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RE: Career question

Postby Harisenbon » Mon 09.04.2006 3:27 am

That's not completely true. I got 70% of my students because I speak Japanese.


Exactly. It all depends where you work.

When I came here on JET, my friends and I all worked like hell to improve our Japanese, so that we could improve the relationships with our students. At elem. school, Japanese is almost a necessity.

But one of my friends has recently moved to a private 英会話 and is now forbidden to use Japanese in the classroom, and has been "talked to" many times about it.

Every situation is different.
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RE: Career question

Postby Nibble » Mon 09.04.2006 4:31 am

The Final wrote:
Could you, for example, explain in laymen terms the difference between an interrogative pronoun versus a relative pronoun to a non-native speaker, on the spot?

A relative pronoun may be found in a question; an interrogative pronoun is only found in a question. I'm not sure if that is good enough for a non-native speaker but it is the simplest way I can explain it.


I don't know who told you that; but where I come from, we use interrogative pronouns in statements as well as questions. ;)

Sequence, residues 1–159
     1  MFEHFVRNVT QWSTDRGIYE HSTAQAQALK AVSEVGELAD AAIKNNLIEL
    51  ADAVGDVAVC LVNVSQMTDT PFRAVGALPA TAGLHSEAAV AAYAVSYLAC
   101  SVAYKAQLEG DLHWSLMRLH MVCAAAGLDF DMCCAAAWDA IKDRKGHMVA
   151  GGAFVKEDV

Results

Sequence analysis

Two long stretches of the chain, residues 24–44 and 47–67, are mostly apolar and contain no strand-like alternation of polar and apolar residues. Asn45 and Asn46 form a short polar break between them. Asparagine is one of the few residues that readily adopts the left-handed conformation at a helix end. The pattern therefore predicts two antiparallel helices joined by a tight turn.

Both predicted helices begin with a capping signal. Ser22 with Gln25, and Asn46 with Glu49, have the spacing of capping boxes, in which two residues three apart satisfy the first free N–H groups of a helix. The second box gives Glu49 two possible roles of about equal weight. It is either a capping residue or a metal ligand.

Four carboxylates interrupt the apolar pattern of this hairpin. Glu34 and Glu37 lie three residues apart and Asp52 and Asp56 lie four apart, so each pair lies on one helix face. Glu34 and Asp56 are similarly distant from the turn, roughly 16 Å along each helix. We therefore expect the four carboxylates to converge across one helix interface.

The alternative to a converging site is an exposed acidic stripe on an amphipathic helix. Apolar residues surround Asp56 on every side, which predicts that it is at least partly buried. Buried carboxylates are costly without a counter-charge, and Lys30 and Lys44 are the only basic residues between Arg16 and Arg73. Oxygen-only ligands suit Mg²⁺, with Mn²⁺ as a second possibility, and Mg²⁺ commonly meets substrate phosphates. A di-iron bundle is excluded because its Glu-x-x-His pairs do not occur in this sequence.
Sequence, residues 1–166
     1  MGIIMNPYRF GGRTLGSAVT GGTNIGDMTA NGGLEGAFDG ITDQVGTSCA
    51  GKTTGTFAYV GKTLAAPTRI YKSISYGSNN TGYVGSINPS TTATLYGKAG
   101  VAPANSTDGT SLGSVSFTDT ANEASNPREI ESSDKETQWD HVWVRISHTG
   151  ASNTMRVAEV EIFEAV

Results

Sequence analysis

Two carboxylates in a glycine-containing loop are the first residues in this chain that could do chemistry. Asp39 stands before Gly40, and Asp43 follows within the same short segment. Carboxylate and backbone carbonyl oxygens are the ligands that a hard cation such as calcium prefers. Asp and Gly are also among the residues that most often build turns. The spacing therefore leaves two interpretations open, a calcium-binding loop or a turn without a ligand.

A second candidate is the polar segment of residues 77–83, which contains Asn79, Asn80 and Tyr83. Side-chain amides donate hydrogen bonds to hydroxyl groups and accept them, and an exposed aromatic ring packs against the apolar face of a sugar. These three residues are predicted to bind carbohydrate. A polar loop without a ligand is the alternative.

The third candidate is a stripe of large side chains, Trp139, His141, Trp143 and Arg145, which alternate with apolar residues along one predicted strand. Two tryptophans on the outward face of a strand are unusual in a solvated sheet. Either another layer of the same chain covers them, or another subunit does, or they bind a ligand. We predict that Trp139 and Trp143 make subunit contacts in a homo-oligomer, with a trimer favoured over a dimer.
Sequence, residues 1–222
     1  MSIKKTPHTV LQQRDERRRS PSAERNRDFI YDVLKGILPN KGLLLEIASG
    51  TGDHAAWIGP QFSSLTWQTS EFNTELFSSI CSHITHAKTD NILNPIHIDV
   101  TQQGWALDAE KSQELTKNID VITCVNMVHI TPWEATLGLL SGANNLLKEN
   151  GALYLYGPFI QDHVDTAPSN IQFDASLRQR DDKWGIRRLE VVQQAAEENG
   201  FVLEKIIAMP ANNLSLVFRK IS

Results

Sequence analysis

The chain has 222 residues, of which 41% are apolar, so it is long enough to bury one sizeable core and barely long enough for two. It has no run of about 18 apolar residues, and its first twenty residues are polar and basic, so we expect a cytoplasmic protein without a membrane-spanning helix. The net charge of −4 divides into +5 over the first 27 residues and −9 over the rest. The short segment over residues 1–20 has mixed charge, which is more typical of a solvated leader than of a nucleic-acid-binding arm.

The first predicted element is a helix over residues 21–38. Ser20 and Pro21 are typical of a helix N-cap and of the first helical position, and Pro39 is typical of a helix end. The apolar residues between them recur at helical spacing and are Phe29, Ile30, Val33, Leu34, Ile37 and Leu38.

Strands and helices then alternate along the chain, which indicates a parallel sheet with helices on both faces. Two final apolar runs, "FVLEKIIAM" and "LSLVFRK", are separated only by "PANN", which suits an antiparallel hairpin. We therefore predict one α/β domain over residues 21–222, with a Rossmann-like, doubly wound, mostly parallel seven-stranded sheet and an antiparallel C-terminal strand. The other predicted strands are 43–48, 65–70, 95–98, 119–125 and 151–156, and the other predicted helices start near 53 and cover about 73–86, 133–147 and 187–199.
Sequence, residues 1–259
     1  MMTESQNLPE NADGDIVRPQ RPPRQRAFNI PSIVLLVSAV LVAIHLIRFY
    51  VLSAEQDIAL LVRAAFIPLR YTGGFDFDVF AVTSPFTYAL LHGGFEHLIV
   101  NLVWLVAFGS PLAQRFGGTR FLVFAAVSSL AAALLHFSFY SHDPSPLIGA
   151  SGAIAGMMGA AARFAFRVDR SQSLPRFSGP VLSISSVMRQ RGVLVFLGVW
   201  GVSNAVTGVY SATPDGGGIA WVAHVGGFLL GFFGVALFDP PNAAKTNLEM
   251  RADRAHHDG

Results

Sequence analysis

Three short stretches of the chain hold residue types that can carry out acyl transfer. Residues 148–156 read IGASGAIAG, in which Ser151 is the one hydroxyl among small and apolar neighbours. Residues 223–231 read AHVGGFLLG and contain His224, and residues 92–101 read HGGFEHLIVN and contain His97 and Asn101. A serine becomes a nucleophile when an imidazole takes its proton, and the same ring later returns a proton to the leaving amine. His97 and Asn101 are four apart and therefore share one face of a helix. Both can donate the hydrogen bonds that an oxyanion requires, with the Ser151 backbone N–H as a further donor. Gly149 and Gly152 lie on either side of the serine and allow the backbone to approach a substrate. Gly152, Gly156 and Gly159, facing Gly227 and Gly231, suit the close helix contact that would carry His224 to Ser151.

Last edited by Nibble on Mon 09.04.2006 4:32 am, edited 1 time in total.
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RE: Career question

Postby lomagu » Mon 09.04.2006 5:32 am

Nibble wrote:
The Final wrote:
Could you, for example, explain in laymen terms the difference between an interrogative pronoun versus a relative pronoun to a non-native speaker, on the spot?

A relative pronoun may be found in a question; an interrogative pronoun is only found in a question. I'm not sure if that is good enough for a non-native speaker but it is the simplest way I can explain it.


I don't know who told you that; but where I come from, we use interrogative pronouns in statements as well as questions. ;)


At my company we don't even try to explain things like that. We just give examples. Depending on the student's level, they might not be able to understand your explanation. I wouldn't worry about things like this too much yet. It all depends on where you work and who your students are. You should know how to use what you're trying to explain though. Being creative helps too :)
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RE: Career question

Postby paul_b » Mon 09.04.2006 5:51 am

keatonatron wrote:
Might want to learn how to spell 'semester' before you come over ;)

It's spelt がっき.